contagion


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contagion

 [kon-ta´jun]
1. the spread of disease from one individual to another.
2. a contagious disease.

con·ta·gion

(kon-tā'jŭn),
1. Synonym(s): contagium
2. Transmission of infection by direct contact, droplet spread, or contaminated fomites. The term originated long before development of modern ideas of infectious disease and has since lost much of its significance, being included under the more inclusive term "communicable disease."
3. Production through suggestion or imitation of a neurosis or psychosis in several or more members of a group.
[L. contagio; fr. contingo, to touch closely]

contagion

(kən-tā′jən)
n.
1.
a. Disease transmission by direct or indirect contact.
b. A disease that is or may be transmitted by direct or indirect contact; a contagious disease.
c. The direct cause, such as a bacterium or virus, of a communicable disease.
2. Psychology The spread of a behavior pattern, attitude, or emotion from person to person or group to group through suggestion, propaganda, rumor, or imitation.

contagion

Microbiology
A term of waning clinical use for:
(1) The transmission of an infectious disease from one person to another;
(2) An infection.
  
Psychiatry
Risk of suicide linked to exposure to suicidal behaviour in family, peer group or media.

con·ta·gion

(kŏn-tā'jŭn)
1. Synonym(s): contagium.
2. Transmission of infection by direct contact, droplet spread, or contaminated fomites.
3. Production through suggestion or imitation of a neurosis or psychosis in several or more members of a group.
Synonym(s): infectious (2) .
[L. contagio; fr. contingo, to touch closely]

con·ta·gion

(kŏn-tā'jŭn)
Transmission of infection by direct contact, droplet spread, or contaminated fomites.
[L. contagio; fr. contingo, to touch closely]
References in periodicals archive ?
Exciting, thoughtfully plotted, and featuring accomplished writing, Contagion is a page-turning science fiction treat.
"While we believe contagion risk is lower than in 2008-2009, risks are elevated," S&P said in the report.
This Commentary argues that asset-based contagion is a potential source of systemic risk.
Jenny Waldman, director of 14-18 NOW, said: "We are proud to commission Contagion as a highlight of our final 14-18 NOW season, in which we continue to engage people in the centenary of the First World War through the lens of art.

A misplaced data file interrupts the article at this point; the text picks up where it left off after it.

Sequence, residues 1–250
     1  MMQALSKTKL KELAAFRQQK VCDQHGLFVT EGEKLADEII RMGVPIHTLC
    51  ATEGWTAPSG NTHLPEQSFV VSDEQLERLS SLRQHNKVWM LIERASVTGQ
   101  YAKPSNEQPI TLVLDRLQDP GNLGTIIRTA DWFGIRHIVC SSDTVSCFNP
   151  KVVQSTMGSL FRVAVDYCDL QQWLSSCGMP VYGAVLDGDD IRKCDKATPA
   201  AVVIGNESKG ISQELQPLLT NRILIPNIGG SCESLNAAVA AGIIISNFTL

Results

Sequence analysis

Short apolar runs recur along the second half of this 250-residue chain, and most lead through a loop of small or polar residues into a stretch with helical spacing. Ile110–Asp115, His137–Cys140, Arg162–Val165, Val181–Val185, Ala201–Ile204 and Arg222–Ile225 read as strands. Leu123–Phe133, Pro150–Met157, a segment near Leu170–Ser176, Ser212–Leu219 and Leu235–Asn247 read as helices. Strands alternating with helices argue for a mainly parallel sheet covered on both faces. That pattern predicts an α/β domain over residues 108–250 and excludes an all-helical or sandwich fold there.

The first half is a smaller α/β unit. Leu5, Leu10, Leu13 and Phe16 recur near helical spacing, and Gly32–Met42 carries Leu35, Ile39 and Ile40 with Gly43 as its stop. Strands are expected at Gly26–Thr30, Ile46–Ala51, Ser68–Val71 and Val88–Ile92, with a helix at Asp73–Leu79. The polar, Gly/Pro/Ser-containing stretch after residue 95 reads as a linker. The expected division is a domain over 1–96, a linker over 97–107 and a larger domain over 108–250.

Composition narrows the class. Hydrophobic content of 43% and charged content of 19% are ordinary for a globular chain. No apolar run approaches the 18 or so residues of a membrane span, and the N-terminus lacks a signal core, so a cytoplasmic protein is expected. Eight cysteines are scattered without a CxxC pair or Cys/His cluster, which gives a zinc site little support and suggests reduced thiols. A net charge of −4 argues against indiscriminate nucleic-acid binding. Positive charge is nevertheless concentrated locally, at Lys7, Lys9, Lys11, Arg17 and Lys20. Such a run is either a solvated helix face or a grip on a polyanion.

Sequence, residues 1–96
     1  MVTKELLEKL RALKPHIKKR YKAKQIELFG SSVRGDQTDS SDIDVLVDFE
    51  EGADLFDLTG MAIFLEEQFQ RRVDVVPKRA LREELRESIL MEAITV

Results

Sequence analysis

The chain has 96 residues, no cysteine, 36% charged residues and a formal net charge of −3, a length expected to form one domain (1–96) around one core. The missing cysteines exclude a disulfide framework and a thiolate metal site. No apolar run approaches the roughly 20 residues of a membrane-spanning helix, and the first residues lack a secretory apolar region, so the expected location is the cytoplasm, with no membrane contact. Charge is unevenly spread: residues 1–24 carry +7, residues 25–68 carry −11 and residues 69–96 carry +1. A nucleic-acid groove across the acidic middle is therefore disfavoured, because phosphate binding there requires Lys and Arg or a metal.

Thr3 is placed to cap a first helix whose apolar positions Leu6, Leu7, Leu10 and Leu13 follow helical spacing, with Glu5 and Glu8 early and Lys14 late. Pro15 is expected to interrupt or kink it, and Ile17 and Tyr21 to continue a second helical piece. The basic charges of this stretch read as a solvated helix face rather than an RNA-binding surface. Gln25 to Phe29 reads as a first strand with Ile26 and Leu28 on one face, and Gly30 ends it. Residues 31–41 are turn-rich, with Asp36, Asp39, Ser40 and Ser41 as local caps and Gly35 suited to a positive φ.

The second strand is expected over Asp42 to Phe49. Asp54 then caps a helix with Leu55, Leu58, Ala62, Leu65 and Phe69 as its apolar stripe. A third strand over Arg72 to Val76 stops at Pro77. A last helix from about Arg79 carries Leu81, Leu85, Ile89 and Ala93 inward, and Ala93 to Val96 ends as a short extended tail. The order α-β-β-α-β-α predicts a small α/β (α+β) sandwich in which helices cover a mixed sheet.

Highly sensitive people can also experience emotional contagion with customers and clients, even over the phone.
- US-based infectious disease-focused publication Contagion has appointed Jason Gallagher, Pharm.D., FCCP, FIDSA, BCPS, as its editor in chief, the company said.
Annika Huber, lead researcher, writes: "This response pattern indicates emotional state-matching or emotional contagion for negative sounds of humans and conspecifics (other dogs).
The minutes of the March 14, 2008 meeting of the Federal Reserve's Board of Governors rationalized the bailout by highlighting the "expected contagion that would result from the immediate failure of Bear Stearns." A few weeks later, in an early April 2008 hearing on Bear Stearns, then-Fed chairman Ben Bernanke jettisoned the references to contagion and instead spoke of how "extremely complex and interconnected" the financial system was, spawning use of the phrase "too interconnected to fail." That became the phrase du jour to describe the risk of allowing Bear Stearns and, later, other institutions to fail.
Tungsong, "A theoretical argument why the t-copula explains credit risk contagion better than the Gaussian copula," Advances in Decision Sciences, vol.
Following the 2008-2009 US and global financial crisis, there has been a growing interest in the role that the network structure of banks and the types and distribution of their assets have in determining the probability and extent of a potential financial contagion. Chinazzi and Fagiolo [1] provide a concise survey of recent literature in this area.
To study this phenomenon, researchers introduced the concept of financial contagion. In this paper, we adopt the widely used definition from Gallegati et al.
And then it was evolved into the world's worst financial crisis and economic depression since the great depression, showing unprecedented systemic characteristics of financial risk contagion. European countries affected by the financial crisis fell into debt crisis, and Iceland, Greece and other countries even approached the edge of the "national bankruptcy".